They are flying high and the two of them are drawn to the confidence and smarts they see in each other. However, in one instance they are not quite careful enough, and they have the Feds giving them heat. Namely, Bradley Cooper’s character who is out to make a name for himself. He is a man will a lot of attitude and a primped hairstyle, yet he seemingly knows very little. He forces Bale and Adams to work under him in order to trap others and of course they do.

But his plan becomes so big that the con becomes extremely volatile. It involves an Atlantic City mayor played by Jeremy Renner, the Mob, some congressmen, and even a senator, who have all unwittingly gotten themselves into something illegal.

Bale and Adams are trapped living lies that they must stop at some point because he has formed a bond with Renner and she is still masquerading as Lady Edith Greensley.

The final act ends with one final con, and I must admit that I was satisfied with the ending because as a member of the audience I expected a twist to come and, sure enough, it came. But I would have never have guessed it. It ultimately lived up to its name American Hustle.

I think what makes the performances good in this film are not the fact that they are lifelike or even realistic, but they are, in fact, larger than life. Sure, people like Irving, Richie Dimaso, Sydney Prosser, and Rosalyn probably did walk this earth, but the film highlights all their quirks and idiosyncrasies. Whether it is how they talk, dress, or even how they do their hair. Furthermore, they have even messier and crazier personal lives than their hair, and that’s saying a lot. These are not the kind of folks that you would want for friends, and yet could it be possible that there is a little bit of these characters in each one of us? Do we still live in a world where the Carmines are the victims and the real perpetrators get away scot-free? It’s something to ask ourselves.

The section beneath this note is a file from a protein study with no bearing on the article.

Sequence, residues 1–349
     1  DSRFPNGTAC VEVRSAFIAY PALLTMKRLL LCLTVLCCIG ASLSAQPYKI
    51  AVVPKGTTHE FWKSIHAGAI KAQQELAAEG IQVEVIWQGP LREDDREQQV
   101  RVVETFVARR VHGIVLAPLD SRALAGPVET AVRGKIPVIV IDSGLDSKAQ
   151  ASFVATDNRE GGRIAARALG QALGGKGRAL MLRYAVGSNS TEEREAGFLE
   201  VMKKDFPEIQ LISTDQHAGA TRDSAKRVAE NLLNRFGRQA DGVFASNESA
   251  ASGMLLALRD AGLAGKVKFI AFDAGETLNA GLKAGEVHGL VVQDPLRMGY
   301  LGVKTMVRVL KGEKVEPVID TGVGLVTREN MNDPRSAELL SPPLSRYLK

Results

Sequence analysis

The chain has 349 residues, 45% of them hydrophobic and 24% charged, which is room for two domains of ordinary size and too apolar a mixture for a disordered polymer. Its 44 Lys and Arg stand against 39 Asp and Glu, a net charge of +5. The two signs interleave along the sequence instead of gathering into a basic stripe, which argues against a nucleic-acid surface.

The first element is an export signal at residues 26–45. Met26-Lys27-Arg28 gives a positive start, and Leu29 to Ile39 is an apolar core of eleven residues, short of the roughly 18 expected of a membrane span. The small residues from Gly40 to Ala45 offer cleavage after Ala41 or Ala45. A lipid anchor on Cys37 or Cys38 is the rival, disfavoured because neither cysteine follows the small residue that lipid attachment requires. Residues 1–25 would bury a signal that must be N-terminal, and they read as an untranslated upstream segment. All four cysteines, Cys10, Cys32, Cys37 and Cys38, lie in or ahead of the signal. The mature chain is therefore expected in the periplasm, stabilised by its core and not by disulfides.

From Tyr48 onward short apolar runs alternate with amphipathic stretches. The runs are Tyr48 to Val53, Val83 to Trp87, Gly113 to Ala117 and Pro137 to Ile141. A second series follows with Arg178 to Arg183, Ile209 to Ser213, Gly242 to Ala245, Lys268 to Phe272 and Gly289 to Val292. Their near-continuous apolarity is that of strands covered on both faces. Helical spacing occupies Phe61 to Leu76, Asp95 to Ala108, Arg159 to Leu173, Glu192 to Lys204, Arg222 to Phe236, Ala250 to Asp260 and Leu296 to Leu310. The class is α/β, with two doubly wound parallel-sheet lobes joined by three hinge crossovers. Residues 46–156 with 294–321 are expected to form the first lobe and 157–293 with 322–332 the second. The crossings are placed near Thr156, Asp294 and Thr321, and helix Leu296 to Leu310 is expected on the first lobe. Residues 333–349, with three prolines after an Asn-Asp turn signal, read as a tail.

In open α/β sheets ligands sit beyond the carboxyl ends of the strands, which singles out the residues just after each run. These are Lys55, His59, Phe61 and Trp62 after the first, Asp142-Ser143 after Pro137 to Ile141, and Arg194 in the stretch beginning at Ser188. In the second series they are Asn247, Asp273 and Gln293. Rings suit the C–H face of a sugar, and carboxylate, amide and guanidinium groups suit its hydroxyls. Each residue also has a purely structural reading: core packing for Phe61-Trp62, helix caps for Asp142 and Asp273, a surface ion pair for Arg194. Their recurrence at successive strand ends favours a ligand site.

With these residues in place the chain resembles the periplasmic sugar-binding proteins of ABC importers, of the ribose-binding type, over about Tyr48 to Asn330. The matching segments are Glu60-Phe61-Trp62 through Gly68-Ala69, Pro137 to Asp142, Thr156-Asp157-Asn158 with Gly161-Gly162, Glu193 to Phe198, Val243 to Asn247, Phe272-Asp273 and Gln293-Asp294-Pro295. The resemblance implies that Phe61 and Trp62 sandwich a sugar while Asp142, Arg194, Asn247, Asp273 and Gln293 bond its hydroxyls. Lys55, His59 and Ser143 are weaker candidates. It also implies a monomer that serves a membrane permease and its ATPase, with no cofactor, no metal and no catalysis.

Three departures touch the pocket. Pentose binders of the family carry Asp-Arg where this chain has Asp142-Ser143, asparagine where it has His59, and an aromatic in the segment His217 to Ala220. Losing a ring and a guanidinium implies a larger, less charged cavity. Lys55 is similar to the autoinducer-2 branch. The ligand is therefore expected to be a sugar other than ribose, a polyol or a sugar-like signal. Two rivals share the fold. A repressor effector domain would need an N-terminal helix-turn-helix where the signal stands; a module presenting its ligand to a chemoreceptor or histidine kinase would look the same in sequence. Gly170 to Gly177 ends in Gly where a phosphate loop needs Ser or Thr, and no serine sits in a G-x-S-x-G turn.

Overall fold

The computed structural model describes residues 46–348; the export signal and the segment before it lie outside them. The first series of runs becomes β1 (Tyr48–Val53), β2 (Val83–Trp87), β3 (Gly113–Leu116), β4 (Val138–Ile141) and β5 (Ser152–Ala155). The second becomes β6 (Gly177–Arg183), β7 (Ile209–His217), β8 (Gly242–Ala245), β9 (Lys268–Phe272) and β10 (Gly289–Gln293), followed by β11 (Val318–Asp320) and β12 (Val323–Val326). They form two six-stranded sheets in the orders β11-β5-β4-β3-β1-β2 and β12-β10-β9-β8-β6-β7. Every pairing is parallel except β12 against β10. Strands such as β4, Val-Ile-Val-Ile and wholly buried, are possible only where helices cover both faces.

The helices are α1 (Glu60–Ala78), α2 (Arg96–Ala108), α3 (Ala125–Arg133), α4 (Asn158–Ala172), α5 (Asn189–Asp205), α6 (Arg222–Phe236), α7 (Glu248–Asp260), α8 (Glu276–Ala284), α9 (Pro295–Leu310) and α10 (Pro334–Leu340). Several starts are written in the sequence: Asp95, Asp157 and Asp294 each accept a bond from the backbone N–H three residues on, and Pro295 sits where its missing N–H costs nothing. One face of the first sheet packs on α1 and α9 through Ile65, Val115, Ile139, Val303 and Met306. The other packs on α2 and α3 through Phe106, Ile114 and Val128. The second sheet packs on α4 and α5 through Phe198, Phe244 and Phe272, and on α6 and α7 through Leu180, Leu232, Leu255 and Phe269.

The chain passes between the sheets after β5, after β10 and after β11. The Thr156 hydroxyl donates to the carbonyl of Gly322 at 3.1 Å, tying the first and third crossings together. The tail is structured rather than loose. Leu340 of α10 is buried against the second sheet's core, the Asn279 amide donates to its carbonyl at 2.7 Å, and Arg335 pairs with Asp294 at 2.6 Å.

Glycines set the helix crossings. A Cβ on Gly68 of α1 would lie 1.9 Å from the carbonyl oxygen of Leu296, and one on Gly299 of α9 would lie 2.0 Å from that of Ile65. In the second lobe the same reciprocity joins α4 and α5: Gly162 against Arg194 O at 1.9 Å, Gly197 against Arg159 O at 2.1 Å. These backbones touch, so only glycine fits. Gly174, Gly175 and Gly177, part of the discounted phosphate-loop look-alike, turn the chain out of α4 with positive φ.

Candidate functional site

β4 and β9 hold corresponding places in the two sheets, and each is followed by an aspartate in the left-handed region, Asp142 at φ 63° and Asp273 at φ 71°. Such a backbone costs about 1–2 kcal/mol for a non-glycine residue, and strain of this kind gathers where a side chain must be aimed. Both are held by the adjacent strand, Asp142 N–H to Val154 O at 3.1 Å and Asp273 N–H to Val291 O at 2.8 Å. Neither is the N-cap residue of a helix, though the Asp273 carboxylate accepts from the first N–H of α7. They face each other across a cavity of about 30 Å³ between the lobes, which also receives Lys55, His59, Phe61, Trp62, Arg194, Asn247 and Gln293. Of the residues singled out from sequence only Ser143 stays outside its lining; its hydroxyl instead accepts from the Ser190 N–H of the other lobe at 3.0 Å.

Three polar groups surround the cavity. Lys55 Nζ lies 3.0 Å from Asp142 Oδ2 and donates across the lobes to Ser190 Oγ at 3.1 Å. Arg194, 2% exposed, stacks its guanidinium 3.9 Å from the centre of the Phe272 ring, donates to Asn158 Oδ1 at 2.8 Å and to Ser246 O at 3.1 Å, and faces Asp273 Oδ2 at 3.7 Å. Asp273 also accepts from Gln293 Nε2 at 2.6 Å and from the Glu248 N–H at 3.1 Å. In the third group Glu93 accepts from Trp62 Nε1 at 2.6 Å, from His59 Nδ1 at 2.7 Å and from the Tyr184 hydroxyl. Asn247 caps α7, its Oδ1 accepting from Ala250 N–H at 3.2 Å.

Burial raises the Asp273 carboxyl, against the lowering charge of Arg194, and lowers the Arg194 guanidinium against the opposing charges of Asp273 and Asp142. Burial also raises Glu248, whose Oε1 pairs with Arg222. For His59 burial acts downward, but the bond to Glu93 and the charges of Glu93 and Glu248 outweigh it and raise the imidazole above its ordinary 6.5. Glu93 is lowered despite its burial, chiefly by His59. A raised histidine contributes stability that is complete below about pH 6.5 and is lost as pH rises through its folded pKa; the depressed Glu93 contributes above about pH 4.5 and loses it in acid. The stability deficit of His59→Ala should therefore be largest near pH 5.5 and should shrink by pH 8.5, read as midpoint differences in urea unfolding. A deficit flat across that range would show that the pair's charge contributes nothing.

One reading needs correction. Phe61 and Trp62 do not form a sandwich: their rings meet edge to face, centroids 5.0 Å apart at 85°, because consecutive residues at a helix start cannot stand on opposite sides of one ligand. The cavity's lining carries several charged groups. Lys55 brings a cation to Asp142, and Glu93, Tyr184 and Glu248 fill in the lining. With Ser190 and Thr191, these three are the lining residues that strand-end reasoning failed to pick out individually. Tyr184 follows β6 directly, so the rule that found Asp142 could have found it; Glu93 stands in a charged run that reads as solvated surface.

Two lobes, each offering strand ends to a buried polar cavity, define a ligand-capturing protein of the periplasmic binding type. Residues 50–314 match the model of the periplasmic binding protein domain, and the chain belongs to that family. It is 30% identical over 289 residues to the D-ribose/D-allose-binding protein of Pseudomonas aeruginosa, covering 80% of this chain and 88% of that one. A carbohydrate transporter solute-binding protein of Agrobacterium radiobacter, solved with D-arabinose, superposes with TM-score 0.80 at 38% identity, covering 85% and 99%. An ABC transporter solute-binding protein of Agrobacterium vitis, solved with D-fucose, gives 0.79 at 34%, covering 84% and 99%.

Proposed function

I’m not sure why people compare this film to Scorsese, perhaps because it is a crime film, it takes place in the 1970s, it features the Mob, or it shows off one of Scorsese’s acting icons in Robert de Niro. No matter the reason, American Hustle is a separate entity that seems completely different from Scorsese. That does not make it bad, just unique. And that it is. You have to give David O. Russell credit for teaming his two previous casts (The Fighter and Silver Linings Playbook) in this one for an acting extravaganza. It will be difficult to top this one as far as acting power goes. I must admit I was a sucker for the music too.

4.5/5 Stars

Silver Linings Playbook (2012)

154c0-silver_linings_playbook_posterStarring Bradley Cooper and Jennifer Lawrence with Robert De Niro, this film opens with a man named Pat who is being released from a mental health facility in Philadelphia. As he tries to recover from a tragic event in his marriage, he moves back in with his parents, goes to therapy sessions, and improves himself while struggling to keep his emotions in check. His traumatic past and bipolar disorder make life difficult but then he meets a young, straightforward widow named Tiffany. Because of their unique situations, they form an odd type of friendship. Eventually Tiffany agrees to give a letter to Pat’s wife if in return he trains as her partner for a dance competition. At the same time Pat’s superstitious father makes a giant bet on an Eagles football game as well as their contest which are both happening on the same day.

It finally arrives and they get ready to show off what they practiced only to have the unexpected occur. In the end, a new Pat realizes how he really feels and chooses to live his life the way he wants.

This film had a lot of coarse language and it was depressing at times. Despite this, the acting was great and it ultimately gave off a positive outlook that focused on the silver linings in life. The direction was solid and I also appreciated the soundtrack. Furthermore, this film tackled the difficult topic of mental illness head on with a good result.

4/5 Stars